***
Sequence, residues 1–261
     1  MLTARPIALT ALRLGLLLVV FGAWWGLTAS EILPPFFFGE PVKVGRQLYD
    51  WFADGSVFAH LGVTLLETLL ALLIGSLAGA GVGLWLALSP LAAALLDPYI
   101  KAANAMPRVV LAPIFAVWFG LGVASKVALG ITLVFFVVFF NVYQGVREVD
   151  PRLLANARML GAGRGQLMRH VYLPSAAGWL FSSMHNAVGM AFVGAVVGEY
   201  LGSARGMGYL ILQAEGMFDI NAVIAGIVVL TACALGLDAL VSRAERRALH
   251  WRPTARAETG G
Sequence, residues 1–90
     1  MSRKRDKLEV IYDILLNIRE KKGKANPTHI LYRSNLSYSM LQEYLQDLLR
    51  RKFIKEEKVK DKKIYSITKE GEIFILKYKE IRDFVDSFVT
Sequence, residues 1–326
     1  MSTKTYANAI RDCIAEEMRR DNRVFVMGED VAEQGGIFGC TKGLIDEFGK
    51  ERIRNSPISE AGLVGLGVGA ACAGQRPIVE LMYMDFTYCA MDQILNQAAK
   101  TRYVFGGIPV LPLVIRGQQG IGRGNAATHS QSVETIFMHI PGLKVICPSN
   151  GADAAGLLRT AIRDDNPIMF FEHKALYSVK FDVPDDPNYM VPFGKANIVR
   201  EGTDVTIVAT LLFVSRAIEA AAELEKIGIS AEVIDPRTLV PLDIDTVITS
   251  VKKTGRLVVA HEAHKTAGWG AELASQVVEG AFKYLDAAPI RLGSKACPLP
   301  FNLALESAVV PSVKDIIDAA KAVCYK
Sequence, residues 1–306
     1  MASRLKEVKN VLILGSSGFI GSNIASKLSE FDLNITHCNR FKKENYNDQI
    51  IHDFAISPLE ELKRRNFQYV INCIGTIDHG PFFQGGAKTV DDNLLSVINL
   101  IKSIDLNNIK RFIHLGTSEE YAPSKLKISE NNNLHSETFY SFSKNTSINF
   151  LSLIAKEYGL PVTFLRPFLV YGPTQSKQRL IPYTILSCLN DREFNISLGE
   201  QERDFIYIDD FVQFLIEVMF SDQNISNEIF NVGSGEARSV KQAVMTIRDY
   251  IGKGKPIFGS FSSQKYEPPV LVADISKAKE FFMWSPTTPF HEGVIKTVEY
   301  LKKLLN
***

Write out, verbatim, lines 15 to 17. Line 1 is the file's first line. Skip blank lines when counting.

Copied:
   151  GADAAGLLRT AIRDDNPIMF FEHKALYSVK FDVPDDPNYM VPFGKANIVR
   201  EGTDVTIVAT LLFVSRAIEA AAELEKIGIS AEVIDPRTLV PLDIDTVITS
   251  VKKTGRLVVA HEAHKTAGWG AELASQVVEG AFKYLDAAPI RLGSKACPLP